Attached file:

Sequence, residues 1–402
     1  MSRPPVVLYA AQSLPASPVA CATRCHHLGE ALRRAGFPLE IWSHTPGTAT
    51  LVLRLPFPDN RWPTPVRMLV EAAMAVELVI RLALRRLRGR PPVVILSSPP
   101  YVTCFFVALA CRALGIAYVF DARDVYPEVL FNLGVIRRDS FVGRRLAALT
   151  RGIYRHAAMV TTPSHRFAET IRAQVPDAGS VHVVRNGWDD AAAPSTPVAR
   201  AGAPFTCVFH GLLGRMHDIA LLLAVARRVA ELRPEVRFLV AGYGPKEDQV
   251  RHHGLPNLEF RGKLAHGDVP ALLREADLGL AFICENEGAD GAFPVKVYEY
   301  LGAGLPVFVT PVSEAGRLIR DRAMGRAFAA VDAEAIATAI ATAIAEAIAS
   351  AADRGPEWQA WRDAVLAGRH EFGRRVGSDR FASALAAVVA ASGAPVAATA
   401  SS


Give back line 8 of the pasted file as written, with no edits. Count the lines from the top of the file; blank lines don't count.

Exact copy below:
   301  LGAGLPVFVT PVSEAGRLIR DRAMGRAFAA VDAEAIATAI ATAIAEAIAS